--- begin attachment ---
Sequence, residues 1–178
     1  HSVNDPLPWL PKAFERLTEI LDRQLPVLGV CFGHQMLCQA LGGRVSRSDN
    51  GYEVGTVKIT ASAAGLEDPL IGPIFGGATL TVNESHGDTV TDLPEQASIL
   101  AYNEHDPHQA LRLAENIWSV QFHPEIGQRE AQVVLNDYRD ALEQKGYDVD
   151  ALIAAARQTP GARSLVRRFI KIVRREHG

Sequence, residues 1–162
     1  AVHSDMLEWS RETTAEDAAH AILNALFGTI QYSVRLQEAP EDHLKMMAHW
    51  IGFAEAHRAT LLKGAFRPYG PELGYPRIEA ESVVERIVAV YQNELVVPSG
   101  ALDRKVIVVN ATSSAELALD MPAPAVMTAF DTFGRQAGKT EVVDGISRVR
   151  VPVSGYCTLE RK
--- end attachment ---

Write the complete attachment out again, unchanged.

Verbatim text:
Sequence, residues 1–178
     1  HSVNDPLPWL PKAFERLTEI LDRQLPVLGV CFGHQMLCQA LGGRVSRSDN
    51  GYEVGTVKIT ASAAGLEDPL IGPIFGGATL TVNESHGDTV TDLPEQASIL
   101  AYNEHDPHQA LRLAENIWSV QFHPEIGQRE AQVVLNDYRD ALEQKGYDVD
   151  ALIAAARQTP GARSLVRRFI KIVRREHG

Sequence, residues 1–162
     1  AVHSDMLEWS RETTAEDAAH AILNALFGTI QYSVRLQEAP EDHLKMMAHW
    51  IGFAEAHRAT LLKGAFRPYG PELGYPRIEA ESVVERIVAV YQNELVVPSG
   101  ALDRKVIVVN ATSSAELALD MPAPAVMTAF DTFGRQAGKT EVVDGISRVR
   151  VPVSGYCTLE RK